Like you, my illness developed after a brain injury. Epilepsy after Traumatic Brain Injury is quite common, and it is very common for it to take years to crop up. Really! This is what happened to me, and some days I still feel like someone is "rearranging furniture" in my head. Also, so-called "subclinical" seizures are very common in TBI survivors, even in folks with mild concussions. If docs aren't really skilled at reading an EEG they'll miss it, and some experts feel that EEG in post-TBI seizures may not be completely diagnostic. The really good docs all agree one must treat the patient, not the EEG.

It is true that sudden drops in your AED can cause some of what you are experiencing. It happens to me when I miss a dose. Drops in your AED actually lower your seizure threshold abruptly. For all you know, you may be having simple partial seizures (or "aura"), which are aften thought of as "warnings". SPS can cause strong emotional reactions and the kinds of perceptual changes you describe. So can the pre- and post-seizure phases of a complex partial seizure (CPS). Post-seizure confusion is very common. As I live alone, sometimes it is the only way I know I've had an event.

Even if your previous EEG left you with a Dx of PNES, you may still be having SPS and CPS merely as a result of having had a drop in your Dilantin level. Also, your doctors should explain to you that PNES and Epilepsy often go hand in hand; 40% of Dx'd epileptics have non-epileptic seizures.

But what you are describing sounds like what I have gone through; in CPS, you lose some consciousness, but often carry on doing what you were doing; unless someone actually witnesses this, you'd never know, except for the missing scissors (at least, this is how my neuro described it to me.) With CPS, your doc may decide Dilantin is no longer the AED of choice for you. So you need to go back to your doc, with your witnesses, and describe what is happening to you.

Do not allow your doc to dismiss your fears as stress due to your difficult "psycho-social" situation. Epilepsy and PNES and PTSD diagnosis aren't exact sciences; and TBI mimics them ALL! It takes an artful doc to tease each out from the other. But if you are responsible for the care of others, you MUST be taken seriously, as your symptoms can impact others; a doc who is looking for PNES may push an anti-depressant on you, rather than remembering that 1) after 2 grand mal seizures, you are statistically more likely to develop recurring seizures and 2) it is commonplace for AEDs to lose effectiveness over time; in fact, most AEDs begin to lose some efficacy after six months, so you were doing very well on Dilantin if you lasted two years, but it may be time for "adjunct" treatment.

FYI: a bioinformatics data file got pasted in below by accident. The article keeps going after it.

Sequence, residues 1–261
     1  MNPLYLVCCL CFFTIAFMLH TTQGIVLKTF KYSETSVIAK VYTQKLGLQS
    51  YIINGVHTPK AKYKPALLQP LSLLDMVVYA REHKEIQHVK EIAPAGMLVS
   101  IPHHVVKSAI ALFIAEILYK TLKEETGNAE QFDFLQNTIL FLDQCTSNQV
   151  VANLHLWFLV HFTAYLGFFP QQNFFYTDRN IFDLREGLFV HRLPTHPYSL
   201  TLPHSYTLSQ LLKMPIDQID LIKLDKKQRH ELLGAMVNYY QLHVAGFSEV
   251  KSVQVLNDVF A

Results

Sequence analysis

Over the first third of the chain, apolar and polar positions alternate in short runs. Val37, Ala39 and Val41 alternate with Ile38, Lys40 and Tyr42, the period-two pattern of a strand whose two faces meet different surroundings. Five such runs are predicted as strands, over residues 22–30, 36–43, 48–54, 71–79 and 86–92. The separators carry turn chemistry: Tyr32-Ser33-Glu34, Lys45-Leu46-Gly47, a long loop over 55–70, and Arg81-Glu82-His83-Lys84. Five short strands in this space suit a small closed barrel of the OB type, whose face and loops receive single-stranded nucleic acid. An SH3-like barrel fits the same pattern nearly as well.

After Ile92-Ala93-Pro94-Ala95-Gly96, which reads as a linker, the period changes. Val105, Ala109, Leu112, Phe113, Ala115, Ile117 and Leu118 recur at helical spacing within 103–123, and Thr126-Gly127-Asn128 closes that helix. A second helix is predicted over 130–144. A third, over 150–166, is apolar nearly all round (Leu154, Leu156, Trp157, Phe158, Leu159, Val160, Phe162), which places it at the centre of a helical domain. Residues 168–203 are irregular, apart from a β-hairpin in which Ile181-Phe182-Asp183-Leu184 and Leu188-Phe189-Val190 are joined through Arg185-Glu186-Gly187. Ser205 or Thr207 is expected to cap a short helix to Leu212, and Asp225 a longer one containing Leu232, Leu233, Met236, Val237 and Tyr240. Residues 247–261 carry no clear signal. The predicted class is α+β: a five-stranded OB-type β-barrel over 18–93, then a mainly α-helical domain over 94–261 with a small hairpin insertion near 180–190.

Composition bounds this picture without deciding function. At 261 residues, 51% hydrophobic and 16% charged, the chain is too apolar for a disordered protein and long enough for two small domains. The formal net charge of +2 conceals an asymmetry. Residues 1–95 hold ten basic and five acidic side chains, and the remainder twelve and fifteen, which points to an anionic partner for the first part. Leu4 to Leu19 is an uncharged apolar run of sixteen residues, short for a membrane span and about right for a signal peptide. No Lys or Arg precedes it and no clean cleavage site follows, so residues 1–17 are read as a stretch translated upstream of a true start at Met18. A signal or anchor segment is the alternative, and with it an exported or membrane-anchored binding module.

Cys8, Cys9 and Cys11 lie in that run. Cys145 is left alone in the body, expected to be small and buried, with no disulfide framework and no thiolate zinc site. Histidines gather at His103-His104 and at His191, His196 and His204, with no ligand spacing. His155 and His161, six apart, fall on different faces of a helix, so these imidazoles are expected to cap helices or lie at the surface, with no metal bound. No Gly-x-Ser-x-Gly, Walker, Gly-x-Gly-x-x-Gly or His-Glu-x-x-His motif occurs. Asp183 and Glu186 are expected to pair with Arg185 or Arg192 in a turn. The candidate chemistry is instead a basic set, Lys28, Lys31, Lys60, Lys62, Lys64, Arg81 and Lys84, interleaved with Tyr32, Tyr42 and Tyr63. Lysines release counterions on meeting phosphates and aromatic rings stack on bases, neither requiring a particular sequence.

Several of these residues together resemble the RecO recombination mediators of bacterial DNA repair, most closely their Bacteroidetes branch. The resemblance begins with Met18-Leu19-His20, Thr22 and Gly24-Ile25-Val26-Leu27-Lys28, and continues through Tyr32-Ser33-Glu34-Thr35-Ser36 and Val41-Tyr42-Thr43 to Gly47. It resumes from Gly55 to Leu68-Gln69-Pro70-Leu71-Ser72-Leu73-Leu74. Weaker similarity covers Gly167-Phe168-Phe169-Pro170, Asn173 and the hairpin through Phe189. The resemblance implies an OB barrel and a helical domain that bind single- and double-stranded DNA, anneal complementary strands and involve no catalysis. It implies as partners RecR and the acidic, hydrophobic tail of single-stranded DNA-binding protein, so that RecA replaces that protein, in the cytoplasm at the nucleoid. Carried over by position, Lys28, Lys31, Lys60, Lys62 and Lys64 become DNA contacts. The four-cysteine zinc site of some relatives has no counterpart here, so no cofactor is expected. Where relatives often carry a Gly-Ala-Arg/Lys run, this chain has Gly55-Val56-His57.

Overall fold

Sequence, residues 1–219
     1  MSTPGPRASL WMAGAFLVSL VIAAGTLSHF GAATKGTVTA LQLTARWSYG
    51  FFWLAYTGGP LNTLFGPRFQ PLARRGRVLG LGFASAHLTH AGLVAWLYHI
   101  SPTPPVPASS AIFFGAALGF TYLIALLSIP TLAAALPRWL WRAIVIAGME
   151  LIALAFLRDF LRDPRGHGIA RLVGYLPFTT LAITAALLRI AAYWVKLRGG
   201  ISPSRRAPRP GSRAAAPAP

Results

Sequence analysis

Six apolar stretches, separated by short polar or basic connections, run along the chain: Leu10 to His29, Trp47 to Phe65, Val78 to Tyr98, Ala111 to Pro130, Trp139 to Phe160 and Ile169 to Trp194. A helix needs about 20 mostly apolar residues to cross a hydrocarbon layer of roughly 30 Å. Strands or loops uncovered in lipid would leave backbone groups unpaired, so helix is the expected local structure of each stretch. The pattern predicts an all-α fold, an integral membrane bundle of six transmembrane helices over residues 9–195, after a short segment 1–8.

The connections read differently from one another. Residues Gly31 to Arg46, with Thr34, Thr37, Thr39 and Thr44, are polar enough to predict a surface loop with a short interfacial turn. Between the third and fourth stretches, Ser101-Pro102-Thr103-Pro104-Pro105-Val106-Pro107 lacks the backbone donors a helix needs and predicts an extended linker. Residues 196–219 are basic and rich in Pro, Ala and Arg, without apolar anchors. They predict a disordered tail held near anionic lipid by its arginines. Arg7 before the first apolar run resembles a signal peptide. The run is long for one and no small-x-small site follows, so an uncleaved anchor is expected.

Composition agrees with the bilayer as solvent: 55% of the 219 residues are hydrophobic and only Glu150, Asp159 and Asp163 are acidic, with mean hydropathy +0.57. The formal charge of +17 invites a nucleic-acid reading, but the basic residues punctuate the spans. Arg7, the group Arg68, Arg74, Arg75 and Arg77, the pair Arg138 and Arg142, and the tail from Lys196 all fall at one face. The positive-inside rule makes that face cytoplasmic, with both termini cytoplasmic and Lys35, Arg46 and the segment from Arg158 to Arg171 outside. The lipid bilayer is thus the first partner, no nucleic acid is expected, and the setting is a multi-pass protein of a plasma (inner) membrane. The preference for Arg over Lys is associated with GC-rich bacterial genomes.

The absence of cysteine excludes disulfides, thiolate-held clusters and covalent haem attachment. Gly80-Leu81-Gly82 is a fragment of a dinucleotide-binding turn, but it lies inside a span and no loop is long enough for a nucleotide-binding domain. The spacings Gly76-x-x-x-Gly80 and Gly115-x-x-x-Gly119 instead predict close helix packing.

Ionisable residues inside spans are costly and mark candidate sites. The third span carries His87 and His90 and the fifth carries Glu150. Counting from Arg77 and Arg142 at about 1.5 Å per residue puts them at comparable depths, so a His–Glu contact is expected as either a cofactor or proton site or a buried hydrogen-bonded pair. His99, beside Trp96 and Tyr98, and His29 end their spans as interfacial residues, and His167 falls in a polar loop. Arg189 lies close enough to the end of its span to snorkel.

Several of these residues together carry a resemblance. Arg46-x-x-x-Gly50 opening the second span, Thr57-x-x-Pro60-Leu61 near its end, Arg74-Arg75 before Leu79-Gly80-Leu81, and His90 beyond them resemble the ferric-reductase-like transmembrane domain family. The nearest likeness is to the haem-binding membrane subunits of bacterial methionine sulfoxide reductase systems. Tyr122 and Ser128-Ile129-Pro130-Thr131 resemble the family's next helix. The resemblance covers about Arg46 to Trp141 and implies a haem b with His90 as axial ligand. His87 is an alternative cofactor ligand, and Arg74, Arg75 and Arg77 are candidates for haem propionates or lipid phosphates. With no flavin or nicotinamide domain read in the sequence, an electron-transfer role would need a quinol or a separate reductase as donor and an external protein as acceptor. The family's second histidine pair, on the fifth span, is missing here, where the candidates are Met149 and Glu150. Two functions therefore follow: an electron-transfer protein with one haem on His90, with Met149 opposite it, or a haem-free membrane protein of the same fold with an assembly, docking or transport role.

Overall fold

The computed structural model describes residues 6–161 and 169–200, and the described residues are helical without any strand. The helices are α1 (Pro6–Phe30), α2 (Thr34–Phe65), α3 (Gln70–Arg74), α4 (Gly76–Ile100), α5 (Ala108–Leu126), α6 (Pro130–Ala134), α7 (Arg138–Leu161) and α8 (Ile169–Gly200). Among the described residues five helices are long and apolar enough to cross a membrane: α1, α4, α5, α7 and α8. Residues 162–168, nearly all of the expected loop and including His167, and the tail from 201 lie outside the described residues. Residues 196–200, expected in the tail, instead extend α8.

Something that has worked for me, as an "adjunct" is actually an Alzheimer's med, Namenda, that helps damp down the excitatory neurotransmiter glutamate in the brain. The use in seizure is "off-label" but it is getting serious study as a possible med for TBI and PTSD. Officially, I take it for TBI-related confusion and depression. For me, it was like someone finally turned on the lights. I had to have a psychiatrist prescribe it, but there is good support for this use documented in the literature and it is being studied in certain types of epilepsy.